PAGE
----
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viewpoint

To Walk the Walk of our mission

| Friday, January 20, 2017

The latest rankings are out, and Notre Dame is 105th, far behind rivals Stanford (19), Michigan (48), and USC (85). But this isn’t the latest college football recruiting index, algorithm, or poll. This is the College Access Index, the New York Times’ September 2015 ranking of 179 elite American universities according to their economic diversity.

I was surprised, and saddened, to read this because I know that my alma mater values diversity for the strength and vibrancy it brings the university experience. In the Together at Notre Dame vision statement, University President Fr. John Jenkins states, “In our commitment to diversity, we hope to reflect a global church that is richly diverse ethnically and culturally, yet bound together in a family extending across the whole of the earth.” Beyond talk, Notre Dame’s Center for Social Concerns-led immersions in Ciudad Juarez, Mexico, and South Bend lit my social justice fire and flipped my world on its head. I accepted my degree in economics the same day in 2009 that University President Emeritus Fr. Hesburgh presented President Barack Obama his iconic picture with Dr. Martin Luther King, Jr., and I moved to St. Louis to teach fifth grade.

While living in St. Louis, I came to realize just how privileged and insulated Notre Dame is. During my two years in the city, I learned more about the world — and about myself — from my students and fellow teachers than I did in four years at Notre Dame. Today I live in Washington, a city where thousands of young members of the global church from countries like Honduras, Haiti and Venezuela find sanctuary and attend our public schools. To fulfill its values, Notre Dame should be accessible to these immigrant students and include them in our Catholic family. But as the College Access Index shows, Notre Dame is not very high on the list of places that low-income students can go.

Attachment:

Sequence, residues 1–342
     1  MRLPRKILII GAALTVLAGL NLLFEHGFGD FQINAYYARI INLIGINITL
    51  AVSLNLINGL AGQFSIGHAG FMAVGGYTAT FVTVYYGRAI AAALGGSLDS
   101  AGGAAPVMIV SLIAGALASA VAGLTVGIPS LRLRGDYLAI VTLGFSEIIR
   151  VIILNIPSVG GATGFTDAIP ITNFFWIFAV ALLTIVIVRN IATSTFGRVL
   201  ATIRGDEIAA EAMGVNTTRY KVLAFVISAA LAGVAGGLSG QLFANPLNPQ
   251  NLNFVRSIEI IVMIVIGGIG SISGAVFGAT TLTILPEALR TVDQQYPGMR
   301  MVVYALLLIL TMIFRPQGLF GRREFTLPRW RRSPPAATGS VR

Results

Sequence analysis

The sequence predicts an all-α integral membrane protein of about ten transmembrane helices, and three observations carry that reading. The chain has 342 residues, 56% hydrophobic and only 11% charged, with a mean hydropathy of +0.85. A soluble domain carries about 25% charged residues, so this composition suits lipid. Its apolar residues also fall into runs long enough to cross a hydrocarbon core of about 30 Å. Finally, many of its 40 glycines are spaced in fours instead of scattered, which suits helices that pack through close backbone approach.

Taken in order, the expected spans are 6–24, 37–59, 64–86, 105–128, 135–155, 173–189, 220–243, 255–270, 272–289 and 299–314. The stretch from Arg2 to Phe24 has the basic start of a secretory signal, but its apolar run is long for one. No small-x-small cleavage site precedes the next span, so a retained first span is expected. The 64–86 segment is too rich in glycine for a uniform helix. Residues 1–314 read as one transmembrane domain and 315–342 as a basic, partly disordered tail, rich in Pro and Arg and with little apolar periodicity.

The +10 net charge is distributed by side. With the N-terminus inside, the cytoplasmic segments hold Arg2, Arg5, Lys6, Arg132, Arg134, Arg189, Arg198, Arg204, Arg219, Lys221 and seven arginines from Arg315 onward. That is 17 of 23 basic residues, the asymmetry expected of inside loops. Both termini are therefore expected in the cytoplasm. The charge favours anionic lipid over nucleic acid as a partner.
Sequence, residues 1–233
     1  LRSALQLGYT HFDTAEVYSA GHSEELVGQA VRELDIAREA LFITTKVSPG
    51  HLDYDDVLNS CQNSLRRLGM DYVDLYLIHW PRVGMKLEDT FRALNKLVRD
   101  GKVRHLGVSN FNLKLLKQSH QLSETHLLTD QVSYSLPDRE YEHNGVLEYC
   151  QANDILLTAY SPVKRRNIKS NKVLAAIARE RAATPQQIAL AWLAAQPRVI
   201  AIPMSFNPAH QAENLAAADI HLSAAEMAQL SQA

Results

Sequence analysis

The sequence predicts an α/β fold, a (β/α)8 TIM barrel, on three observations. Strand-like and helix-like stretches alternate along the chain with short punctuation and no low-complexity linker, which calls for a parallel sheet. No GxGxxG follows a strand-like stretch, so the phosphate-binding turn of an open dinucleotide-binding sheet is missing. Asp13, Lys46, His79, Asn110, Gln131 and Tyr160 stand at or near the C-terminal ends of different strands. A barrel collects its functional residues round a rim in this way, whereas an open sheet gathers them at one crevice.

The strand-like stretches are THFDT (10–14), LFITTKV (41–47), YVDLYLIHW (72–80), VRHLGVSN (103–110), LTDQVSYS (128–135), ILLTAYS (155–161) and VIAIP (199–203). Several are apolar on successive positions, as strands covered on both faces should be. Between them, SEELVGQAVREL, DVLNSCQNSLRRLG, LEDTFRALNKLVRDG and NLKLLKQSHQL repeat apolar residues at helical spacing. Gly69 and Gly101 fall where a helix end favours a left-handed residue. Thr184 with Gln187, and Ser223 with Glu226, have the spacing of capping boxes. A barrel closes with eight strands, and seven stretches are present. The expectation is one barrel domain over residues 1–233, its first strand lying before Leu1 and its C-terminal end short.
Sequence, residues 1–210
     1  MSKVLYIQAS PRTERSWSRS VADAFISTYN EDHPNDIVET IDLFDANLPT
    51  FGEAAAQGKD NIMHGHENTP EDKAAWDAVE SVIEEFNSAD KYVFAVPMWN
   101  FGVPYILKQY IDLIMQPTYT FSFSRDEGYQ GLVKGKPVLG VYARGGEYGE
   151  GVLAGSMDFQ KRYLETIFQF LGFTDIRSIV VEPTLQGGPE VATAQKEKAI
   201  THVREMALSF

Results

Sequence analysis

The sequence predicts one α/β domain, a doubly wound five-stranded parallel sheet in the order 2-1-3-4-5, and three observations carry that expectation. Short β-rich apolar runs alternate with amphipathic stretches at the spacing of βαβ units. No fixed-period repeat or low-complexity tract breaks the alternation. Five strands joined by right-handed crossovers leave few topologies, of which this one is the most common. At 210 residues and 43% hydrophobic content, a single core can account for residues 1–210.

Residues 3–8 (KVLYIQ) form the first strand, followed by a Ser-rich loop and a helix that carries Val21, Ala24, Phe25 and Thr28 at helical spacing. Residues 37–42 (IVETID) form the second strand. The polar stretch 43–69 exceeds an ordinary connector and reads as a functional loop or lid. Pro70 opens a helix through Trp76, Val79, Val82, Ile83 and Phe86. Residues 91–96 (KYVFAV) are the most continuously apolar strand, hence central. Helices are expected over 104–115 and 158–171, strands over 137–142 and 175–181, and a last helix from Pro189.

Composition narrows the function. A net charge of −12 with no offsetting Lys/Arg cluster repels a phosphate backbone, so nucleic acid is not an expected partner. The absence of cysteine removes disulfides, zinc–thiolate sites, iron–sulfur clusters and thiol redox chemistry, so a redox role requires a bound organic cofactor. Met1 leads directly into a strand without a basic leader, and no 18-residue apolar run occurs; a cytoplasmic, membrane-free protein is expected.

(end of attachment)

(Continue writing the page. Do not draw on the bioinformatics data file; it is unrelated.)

This troubles me. Notre Dame’s important civil rights legacy, roots in Catholic social teaching and stated commitment to diversity contradict the access it grants to low-income students. Our Lady’s current lack of socioeconomic diversity calls into question our Mission Statement, which proclaims, “The intellectual interchange essential to a university requires, and is enriched by, the presence and voices of diverse scholars and students.” Besides the benefits that diversity bring, Notre Dame has a responsibility rooted in Catholic social teaching and in the American dream to provide an education to students in need. For these reasons, during 2017 Walk the Walk Week, I urge the University’s leaders to make a greater effort to increase the diversity of our student body.

In December 2016, 30 elite Ivy League, flagship state and other private universities launched the American Talent Initiative, an effort to expand access for 50,000 additional low- and moderate-income students to elite American universities by 2025. By joining this group, Notre Dame’s leaders could work with their colleagues at Harvard, Duke, the University of Texas, and many other great universities to find and scale solutions to the challenge of expanding socioeconomic diversity in higher education.

As Jenkins writes, “The kind of community we strive to be at Notre Dame … invites us out of isolation into something richer, more whole, sustaining.” Expanding access to more American students would richen the university experience for students and faculty and help sustain the American dream for low-income families across the United States. I hope that Notre Dame commits to expanding college access for all American students by joining the America Talent Initiative. This would be one step towards making our community more whole.

Charlie Cummings

class of 2009

Jan. 17

The views expressed in this Letter to the Editor are those of the author and not necessarily those of The Observer.

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